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Re: Resonant charging design

Original poster: "by way of Terry Fritz <twftesla-at-qwest-dot-net>" <FutureT-at-aol-dot-com>

In a message dated 6/18/01 9:33:40 PM Eastern Daylight Time, tesla-at-pupman-dot-com 

> Original poster: "R.E.Burnett by way of Terry Fritz <twftesla-at-qwest-dot-net>" 
> E.Burnett-at-newcastle.ac.uk>
>  Hi guys,
>  About a week ago,  I said that I would go through my method for
>  designing the AC resonant charging circuit for a tesla coil.
>  What I am going to explain is a way in which I propose that the
>  ballast and tank capacitor values for a particular system can be
> snip>  

Hi Richie,

>From what I can tell so far, this seems like an excellent approach
which will be a boon to Tesla coil builders everywhere!  It is also
a critical missing element in existing Tesla design programs. 

What was the reason for choosing an 85% power factor?  Is it 
the best that can be obtained, or was 85% chosen for some 
other reason?  Is it possible that better than 85% can be obtained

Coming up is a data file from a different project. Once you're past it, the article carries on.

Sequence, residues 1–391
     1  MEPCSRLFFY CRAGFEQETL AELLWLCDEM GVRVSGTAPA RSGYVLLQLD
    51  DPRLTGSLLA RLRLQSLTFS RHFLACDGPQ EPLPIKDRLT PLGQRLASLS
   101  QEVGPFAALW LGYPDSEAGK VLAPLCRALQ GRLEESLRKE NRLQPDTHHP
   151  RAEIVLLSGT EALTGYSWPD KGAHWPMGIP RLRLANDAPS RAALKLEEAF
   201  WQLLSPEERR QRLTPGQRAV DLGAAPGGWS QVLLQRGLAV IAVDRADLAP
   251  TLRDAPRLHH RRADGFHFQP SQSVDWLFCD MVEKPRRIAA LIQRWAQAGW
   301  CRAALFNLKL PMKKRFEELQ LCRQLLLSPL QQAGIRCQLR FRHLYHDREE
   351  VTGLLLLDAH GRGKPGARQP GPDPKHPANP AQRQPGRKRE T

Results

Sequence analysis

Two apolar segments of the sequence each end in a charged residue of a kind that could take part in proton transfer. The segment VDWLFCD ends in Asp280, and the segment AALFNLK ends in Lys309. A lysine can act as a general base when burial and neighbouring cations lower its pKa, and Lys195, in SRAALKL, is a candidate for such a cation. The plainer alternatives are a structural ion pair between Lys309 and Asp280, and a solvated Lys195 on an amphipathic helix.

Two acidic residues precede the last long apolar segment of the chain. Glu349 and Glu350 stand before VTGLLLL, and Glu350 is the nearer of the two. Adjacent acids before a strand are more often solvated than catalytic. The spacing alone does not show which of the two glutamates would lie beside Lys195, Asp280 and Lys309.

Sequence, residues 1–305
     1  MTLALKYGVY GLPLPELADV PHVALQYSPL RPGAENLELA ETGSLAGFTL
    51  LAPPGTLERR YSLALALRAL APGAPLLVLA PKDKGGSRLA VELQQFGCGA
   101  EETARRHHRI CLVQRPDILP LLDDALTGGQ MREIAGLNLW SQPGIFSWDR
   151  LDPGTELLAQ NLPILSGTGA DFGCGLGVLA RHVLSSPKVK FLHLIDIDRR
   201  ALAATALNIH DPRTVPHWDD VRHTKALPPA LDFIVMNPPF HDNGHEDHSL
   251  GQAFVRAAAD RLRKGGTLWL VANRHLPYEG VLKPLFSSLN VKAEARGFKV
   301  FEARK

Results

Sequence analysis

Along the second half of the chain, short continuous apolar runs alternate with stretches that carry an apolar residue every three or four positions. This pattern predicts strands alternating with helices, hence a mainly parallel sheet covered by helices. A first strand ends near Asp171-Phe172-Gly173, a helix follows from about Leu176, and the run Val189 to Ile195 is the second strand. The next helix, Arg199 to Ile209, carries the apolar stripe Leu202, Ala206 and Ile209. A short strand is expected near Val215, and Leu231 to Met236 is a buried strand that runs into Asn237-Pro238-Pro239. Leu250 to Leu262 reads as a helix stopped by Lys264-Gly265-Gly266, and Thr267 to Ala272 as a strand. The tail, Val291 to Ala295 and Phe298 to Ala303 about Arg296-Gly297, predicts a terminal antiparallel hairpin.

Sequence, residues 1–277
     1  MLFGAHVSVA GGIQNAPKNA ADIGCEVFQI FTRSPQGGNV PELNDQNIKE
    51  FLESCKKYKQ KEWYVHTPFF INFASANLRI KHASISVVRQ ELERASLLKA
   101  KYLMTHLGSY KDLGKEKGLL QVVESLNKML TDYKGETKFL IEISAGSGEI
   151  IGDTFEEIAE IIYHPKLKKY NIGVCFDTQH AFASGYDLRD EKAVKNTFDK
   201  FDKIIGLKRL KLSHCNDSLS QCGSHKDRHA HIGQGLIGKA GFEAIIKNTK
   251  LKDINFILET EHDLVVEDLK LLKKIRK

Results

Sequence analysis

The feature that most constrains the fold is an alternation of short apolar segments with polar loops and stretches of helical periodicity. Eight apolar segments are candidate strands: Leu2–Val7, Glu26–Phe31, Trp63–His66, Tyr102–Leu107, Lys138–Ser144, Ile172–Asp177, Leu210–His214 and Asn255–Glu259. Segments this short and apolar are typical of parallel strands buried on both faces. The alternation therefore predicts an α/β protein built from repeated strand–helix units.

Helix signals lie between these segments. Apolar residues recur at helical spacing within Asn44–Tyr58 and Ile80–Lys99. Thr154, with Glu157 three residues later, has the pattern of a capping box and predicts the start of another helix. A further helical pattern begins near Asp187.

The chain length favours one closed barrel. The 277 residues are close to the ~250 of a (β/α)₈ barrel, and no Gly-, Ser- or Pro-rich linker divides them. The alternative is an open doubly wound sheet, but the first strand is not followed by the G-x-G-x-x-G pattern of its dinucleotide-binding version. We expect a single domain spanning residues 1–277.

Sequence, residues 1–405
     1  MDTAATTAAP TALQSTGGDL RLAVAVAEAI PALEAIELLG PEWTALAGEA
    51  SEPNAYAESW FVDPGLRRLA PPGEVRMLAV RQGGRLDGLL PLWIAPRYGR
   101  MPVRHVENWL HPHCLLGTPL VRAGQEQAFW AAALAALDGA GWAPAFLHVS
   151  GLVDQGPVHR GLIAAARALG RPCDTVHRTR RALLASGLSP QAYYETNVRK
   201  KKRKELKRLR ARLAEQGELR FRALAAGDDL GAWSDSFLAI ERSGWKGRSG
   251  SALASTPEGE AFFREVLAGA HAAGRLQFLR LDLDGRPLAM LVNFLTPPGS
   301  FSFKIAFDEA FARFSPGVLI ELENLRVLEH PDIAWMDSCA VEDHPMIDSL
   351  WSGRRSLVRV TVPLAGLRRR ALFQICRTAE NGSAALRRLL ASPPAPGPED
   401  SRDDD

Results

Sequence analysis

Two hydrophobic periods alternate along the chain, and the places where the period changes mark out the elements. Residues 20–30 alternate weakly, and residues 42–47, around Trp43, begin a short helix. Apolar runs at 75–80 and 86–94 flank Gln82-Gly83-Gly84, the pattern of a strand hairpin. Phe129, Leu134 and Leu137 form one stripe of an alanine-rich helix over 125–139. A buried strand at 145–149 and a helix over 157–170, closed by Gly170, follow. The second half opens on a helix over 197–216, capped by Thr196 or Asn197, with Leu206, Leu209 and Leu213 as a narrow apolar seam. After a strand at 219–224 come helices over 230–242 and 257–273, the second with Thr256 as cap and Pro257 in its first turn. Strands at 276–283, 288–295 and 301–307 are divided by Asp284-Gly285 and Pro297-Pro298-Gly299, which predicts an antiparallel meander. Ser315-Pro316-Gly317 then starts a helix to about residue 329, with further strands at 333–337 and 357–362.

with certain ballast arrangements and breakrates?  I do realize 
that it's often hard to obtain better than 85% power factor especially
at higher breakrates.   I noticed that you did not
extend the graph down to 100 bps, were there problems with the
simulations in that area?  I guess the power factor could be 
improved even more by using unequal electrode spacings, and
I know you did some simulations in that area in the past also.

Can you explain why the graphs have the shapes and parameters
they do?  For instance why do the charging frequencies have to be
as shown, for best power factor?  I realize that the simulations show
them to be best for best power factor, but I was just looking for more
insight into why
the charging frequencies need to be as they are.  I would guess
that the other graph that shows the change in ballast L that is needed
to correct the power thoughput, is the way it is because of the effect
of the cap charging on the current limiting.  Inductive kick effects
due to the shorting of the transformers also figure into this I realize.

A computer program which lets one avoid the tedious math would
be a great convenience.  I like the logical design "flow" you used 
in your method.

John Freau